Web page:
FIA works out metric to police porpoising, reveals next step - The Race
Formula 1

FIA works out metric to police porpoising, reveals next step

Jun 30 2022
By Scott Mitchell

The FIA plans to enforce its new technical directive setting a limit for the vertical oscillations Formula 1 drivers can be subjected to from the French Grand Prix, meaning two more races will take place before it’s implemented.

A controversial effort from the governing body to combat car porpoising started with a data collection plan at the Canadian Grand Prix.

The new ground-effect cars are run low and stiff so have poor ride quality, and have also suffered from porpoising, and as several drivers from different teams have complained about back pain and raised concerns over potential long-term consequences of driving such cars, the FIA said it would intervene on safety grounds.

A new technical directive was only communicated to teams on Thursday before the previous race in Canada.

They were informed that the FIA intends to set a limit for the vertical oscillations drivers can be subjected to, and force teams to alter their set-ups if they are found to be breaching that limit.

The FIA has concluded its data collection and has sent a draft update to the technical directive issued prior to Montreal.

Motor Racing Formula One World Championship Canadian Grand Prix Race Day Montreal, Canada

It has defined a metric by which to monitor the vertical oscillations and teams will now be asked to conduct their own analysis over the next two grands prix “to understand what, if any, changes they may need to implement in order to be compliant when the technical directive becomes effective as of the French Grand Prix”.

Updated parameters have also been issued relating to plank wear and skid stiffness, which the FIA intends to monitor to help enforce its new measurement plan.

It says these are “inherently related to the same issue, and go hand-in-hand with the metric”.

The FIA added: “These changes are necessary in order to provide a level playing field between the teams when the metric is implemented.”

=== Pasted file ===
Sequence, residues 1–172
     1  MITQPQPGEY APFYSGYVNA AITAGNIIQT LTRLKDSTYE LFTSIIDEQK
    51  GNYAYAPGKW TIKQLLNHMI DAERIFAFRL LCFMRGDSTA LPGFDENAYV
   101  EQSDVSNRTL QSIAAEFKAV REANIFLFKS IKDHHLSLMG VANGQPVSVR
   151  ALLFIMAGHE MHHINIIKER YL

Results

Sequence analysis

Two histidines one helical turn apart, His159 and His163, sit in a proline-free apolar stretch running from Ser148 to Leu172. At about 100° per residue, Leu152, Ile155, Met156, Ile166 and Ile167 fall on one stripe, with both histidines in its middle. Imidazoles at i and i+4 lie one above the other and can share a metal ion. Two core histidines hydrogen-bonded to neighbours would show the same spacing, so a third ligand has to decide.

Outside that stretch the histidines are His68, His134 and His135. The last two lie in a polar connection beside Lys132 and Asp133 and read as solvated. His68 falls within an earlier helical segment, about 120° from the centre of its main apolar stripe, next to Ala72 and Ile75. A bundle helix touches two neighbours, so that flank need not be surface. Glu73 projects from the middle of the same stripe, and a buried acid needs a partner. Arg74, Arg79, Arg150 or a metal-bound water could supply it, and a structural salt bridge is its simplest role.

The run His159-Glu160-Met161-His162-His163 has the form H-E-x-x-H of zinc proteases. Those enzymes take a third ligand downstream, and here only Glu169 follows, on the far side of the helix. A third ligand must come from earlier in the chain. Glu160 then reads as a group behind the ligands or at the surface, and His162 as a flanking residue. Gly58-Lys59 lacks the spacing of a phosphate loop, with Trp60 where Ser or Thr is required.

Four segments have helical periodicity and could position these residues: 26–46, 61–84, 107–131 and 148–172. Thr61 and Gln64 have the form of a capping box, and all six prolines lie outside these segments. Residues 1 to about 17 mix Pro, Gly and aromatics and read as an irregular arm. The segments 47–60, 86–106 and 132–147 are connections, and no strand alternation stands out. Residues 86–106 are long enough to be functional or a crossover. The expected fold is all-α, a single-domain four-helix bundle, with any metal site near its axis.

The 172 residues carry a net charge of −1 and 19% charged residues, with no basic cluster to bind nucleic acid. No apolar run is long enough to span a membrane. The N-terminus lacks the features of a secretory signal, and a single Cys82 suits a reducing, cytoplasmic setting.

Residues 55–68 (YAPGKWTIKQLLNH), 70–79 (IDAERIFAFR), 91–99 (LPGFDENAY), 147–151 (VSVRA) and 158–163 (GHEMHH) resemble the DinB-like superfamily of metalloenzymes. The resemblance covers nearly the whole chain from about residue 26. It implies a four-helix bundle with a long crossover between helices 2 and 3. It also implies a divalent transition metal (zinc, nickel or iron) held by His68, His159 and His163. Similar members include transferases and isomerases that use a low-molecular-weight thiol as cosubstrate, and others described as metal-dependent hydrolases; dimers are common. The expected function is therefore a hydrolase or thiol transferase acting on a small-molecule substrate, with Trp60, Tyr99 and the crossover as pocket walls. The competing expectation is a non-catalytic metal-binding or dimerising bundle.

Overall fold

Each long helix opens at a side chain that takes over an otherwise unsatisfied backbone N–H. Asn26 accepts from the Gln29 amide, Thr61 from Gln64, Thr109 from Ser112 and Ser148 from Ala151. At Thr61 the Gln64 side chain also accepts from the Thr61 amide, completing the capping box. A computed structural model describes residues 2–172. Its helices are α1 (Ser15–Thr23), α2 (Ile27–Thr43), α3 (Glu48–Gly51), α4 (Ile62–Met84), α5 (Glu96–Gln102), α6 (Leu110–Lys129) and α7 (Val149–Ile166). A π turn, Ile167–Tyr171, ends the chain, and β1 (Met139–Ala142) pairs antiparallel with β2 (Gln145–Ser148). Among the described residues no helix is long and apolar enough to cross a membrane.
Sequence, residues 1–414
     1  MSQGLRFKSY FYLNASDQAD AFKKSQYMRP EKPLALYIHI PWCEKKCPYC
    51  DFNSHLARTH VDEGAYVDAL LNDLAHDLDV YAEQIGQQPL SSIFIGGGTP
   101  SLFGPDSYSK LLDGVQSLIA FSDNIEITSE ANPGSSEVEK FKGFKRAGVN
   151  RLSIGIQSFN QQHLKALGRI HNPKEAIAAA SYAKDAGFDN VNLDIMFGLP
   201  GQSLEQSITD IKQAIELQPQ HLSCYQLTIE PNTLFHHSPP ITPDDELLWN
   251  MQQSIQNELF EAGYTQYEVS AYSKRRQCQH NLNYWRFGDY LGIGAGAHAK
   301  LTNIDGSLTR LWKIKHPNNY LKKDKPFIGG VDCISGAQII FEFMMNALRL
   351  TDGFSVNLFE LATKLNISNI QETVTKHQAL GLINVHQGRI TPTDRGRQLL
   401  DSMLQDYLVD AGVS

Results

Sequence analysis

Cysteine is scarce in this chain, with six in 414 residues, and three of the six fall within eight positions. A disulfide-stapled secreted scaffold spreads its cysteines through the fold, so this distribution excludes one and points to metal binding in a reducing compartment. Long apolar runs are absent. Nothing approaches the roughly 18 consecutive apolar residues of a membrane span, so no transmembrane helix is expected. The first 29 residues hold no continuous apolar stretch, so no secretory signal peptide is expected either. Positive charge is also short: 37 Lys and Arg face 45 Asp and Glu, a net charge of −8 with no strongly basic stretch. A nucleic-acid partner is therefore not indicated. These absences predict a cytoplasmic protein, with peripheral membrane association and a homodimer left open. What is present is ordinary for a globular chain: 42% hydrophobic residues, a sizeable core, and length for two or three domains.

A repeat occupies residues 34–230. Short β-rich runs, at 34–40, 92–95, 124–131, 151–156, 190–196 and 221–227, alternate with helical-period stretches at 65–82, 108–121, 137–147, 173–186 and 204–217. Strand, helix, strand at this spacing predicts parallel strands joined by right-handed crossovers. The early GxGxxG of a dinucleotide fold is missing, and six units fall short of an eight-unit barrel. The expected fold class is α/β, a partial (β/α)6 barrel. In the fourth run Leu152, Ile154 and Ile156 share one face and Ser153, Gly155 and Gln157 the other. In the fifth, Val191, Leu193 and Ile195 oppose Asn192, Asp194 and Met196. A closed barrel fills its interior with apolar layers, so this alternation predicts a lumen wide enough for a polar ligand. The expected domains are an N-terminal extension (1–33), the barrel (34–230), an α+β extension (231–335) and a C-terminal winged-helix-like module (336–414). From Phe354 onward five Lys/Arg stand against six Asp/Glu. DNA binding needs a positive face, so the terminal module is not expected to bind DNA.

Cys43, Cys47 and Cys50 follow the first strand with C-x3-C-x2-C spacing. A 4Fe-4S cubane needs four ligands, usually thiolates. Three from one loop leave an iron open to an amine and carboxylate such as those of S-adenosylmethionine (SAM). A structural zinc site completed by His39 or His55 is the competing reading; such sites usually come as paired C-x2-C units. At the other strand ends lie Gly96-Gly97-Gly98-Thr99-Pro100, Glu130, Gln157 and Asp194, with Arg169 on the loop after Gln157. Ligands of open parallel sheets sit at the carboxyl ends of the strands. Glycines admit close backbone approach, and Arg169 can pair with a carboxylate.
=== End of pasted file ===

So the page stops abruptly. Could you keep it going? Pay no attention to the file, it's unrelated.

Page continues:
One thing that has been changed is the use of a second floor stay – a short-term measure permitted by the FIA in Canada – has now been dropped.

It followed an initial agreement way back between the pre-season tests that teams could add a first floor stay, something not permitted by the regulations.

The late notice of the FIA technical directive suggested no team would be able to react in time to have a second stay on the car in Montreal, but Mercedes did.

Mercedes said the second stay, which appeared on George Russell’s car in FP1 and Lewis Hamilton’s as well in FP2, was an attempt at responding to the FIA technical directive on-site.

However, some teams disputed this – Ferrari and Red Bull among them.

That was an implication that Mercedes’ fast reaction was because it had some kind of advance information that this technical directive was coming.

In addition, Red Bull team boss Christian Horner even said that permitting the use of a second floor stay was “overtly biased to sorting one team’s problems out”.

Mercedes did not end up running the second stay beyond FP2 because it felt the experiment was not effective and it was removed for the rest of the weekend.

The second stay was considered by the FIA to be separate to phase two of the technical directive, which is defining and applying the bouncing limit.

But now neither element of the technical directive will be enforced by the FIA at Silverstone.

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